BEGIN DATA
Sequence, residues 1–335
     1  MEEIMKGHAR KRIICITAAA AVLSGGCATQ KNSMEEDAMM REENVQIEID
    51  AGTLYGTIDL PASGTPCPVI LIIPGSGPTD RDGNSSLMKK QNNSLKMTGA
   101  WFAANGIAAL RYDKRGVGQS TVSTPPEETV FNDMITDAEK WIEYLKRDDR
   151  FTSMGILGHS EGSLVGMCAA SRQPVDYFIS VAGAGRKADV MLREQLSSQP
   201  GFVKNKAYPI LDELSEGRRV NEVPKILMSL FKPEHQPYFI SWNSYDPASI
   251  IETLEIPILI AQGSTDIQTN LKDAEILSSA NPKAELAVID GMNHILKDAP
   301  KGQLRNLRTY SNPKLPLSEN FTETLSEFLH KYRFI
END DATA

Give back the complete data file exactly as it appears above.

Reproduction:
Sequence, residues 1–335
     1  MEEIMKGHAR KRIICITAAA AVLSGGCATQ KNSMEEDAMM REENVQIEID
    51  AGTLYGTIDL PASGTPCPVI LIIPGSGPTD RDGNSSLMKK QNNSLKMTGA
   101  WFAANGIAAL RYDKRGVGQS TVSTPPEETV FNDMITDAEK WIEYLKRDDR
   151  FTSMGILGHS EGSLVGMCAA SRQPVDYFIS VAGAGRKADV MLREQLSSQP
   201  GFVKNKAYPI LDELSEGRRV NEVPKILMSL FKPEHQPYFI SWNSYDPASI
   251  IETLEIPILI AQGSTDIQTN LKDAEILSSA NPKAELAVID GMNHILKDAP
   301  KGQLRNLRTY SNPKLPLSEN FTETLSEFLH KYRFI